Possible AMD Threadripper 3000-Series Castle Peak 16-Core CPU Appears

Hardware leaker TUM_APISAK has unearthed a UserBenchmark result of an unidentified AMD 16-core processor. Judging by its specifications, the chip appears to be one of AMD's upcoming Threadripper 3000-series processors (codenamed Castle Peak).

Credit: AMDCredit: AMD

In a recent sitdown with AMD President and CEO Dr. Lisa Su, she reiterated the company's commitment to the HEDT market and implicitly hinted that the chipmaker is preparing its third-generation Threadripper chips. Su didn't reveal a concrete launch date for the new multi-core monsters. However, if AMD follows recent norms, it could release them next month. Looking back at Threadripper's history, we can recognize a fairly consistent pattern. AMD launched the first-and second-generation Threadripper processors in August 2017 and 2018, respectively. There's a good chance AMD could continue that trend.


Price (USD)
Cores / Threads
TDP
Base Clock
Boost Clock
L3 Cache
PCIe Lanes
Memory Support
*AMD 100-000000011-12
?
16 / 32
?
3.6 GHz
4.0 GHz
?
?
?
AMD Threadripper 2950X$89916 / 32
180W3.5 GHz4.4 GHz32MBPCIe 3.0 x64
Quad DDR4-2933
AMD Ryzen 9 3950X
$749
16 / 32
105W
3.5 GHz
4.7 GHz
64MB
PCIe 4.0 x24Dual DDR4-3200

*Specifications in the table are unconfirmed

Credit: UserBenchmarkCredit: UserBenchmark

Ryzen Threadripper 3000-series processors will use AMD's latest Zen 2 processor microarchitecture, so they will probably come out of TSMC's 7nm FinFET stove and support the PCIe 4.0 interface. The new parts will likely work on existing X399-based motherboards through a BIOS update. However, AMD might introduce a new chipset to take advantage of the PCIe 4.0 functionality.

The leaked AMD 100-000000011-12 sample has the OPN (Ordering Part Number) in the codename, which implies the specifications are very close to what we can expect from the final product. UserBenchmark detects the processor with 16 cores, 32 threads, 3.6 GHz base clock and 4.05 GHz average boost clock. The benchmark identifies the system as AMD Sharkstooth and recognizes the motherboard with an SP3r2 (TR4) socket with quad-channel memory support.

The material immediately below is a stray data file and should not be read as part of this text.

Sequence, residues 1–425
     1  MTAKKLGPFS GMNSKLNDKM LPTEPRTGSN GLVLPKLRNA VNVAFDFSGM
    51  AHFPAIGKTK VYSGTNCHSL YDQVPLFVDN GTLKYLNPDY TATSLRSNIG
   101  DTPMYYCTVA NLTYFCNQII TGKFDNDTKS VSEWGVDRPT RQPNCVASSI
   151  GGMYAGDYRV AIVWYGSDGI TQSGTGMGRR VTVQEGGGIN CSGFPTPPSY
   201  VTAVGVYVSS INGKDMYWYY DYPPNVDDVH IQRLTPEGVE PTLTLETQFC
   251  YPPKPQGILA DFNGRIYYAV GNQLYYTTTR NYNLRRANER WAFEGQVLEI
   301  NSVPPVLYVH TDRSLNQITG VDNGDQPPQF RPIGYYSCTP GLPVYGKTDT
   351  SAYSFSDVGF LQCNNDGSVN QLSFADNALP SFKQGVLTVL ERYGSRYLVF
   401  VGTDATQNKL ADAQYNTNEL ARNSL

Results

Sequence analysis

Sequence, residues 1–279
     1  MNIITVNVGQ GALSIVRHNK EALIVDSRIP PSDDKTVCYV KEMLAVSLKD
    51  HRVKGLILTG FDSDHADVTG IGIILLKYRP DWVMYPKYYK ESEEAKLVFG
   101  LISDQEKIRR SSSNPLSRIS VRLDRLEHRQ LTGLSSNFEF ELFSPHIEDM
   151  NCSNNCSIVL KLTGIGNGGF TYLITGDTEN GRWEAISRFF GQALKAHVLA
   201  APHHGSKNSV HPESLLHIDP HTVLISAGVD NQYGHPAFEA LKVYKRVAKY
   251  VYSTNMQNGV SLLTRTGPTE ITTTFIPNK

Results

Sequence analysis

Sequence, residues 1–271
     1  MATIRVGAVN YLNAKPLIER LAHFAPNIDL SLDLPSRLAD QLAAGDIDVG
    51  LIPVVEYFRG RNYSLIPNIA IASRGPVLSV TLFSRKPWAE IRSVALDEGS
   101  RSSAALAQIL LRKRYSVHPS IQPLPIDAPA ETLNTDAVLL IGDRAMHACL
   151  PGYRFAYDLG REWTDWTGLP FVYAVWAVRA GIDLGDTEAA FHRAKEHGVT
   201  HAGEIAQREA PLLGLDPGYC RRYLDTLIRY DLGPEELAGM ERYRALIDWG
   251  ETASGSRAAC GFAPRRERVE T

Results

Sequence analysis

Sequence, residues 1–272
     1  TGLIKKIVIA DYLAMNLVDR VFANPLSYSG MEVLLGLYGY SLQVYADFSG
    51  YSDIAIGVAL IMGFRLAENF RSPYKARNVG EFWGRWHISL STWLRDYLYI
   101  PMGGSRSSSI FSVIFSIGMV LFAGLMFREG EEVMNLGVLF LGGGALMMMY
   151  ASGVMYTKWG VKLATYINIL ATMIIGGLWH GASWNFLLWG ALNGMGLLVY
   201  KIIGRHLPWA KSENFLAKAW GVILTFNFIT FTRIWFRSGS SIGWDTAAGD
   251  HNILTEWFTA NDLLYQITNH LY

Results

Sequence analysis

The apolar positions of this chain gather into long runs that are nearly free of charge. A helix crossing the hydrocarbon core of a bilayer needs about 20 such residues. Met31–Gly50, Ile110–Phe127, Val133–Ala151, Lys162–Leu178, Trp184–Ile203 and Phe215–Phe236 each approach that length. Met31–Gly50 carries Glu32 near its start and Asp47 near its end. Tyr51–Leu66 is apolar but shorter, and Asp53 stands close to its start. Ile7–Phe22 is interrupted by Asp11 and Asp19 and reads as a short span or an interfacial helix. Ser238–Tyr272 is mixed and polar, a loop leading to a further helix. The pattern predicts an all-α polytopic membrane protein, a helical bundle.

Although UserBenchmark isn't our preferred benchmark tool, some valuable data proves useful. The unknown part is seemingly up to 11% faster than the current Threadripper 2950X in single-core and quad-core tests. When it comes to multi-core workloads, the chip performs up to 18% faster than second-gen Threadripper.

On the other hand, the AMD 100-000000011-12's performance is on par with the Ryzen 9 3900X when it comes to single-core and quad-core workloads. As expected, the Threadripper sample beats the Ryzen 9 3900X by up to 35% in multi-core workloads.

The Threadripper 3000-series lineup will be an exciting lineup for sure. We can't wait to see what AMD has up its sleeves.


4 comments
    Your comment
  • vrtechie
    Just pointing out, the 3950x is not $399, its $749.
  • xrodney
    This looks very unlikely.
    Given that TR can have 80-100% higher TDP compared to desktop, there is no way it should be at 700MHz lower clock than equivalent desktop CPU.

    They would have to use total trash chiplets to clock lower than 1st generation zen cores.
  • TJ Hooker
    Quote:
    This looks very unlikely. Given that TR can have 80-100% higher TDP compared to desktop, there is no way it should be at 700MHz lower clock than equivalent desktop CPU. They would have to use total trash chiplets to clock lower than 1st generation zen cores.

    The average turbo reported in userbenchmark is going to be significantly lower than the max rated boost clock. E.g. for the 3900X it's typically around 4-4.1 GHz, in contrast to the rated 4.6 GHz max boost. Given that the 3950X has 33% more cores but the same TDP as the 3900X, I'd expect the heavily threaded boost clocks to be lower than that. So the 16C TR could still end up having higher real world boost clocks than the 3950X even if these results are more or less valid.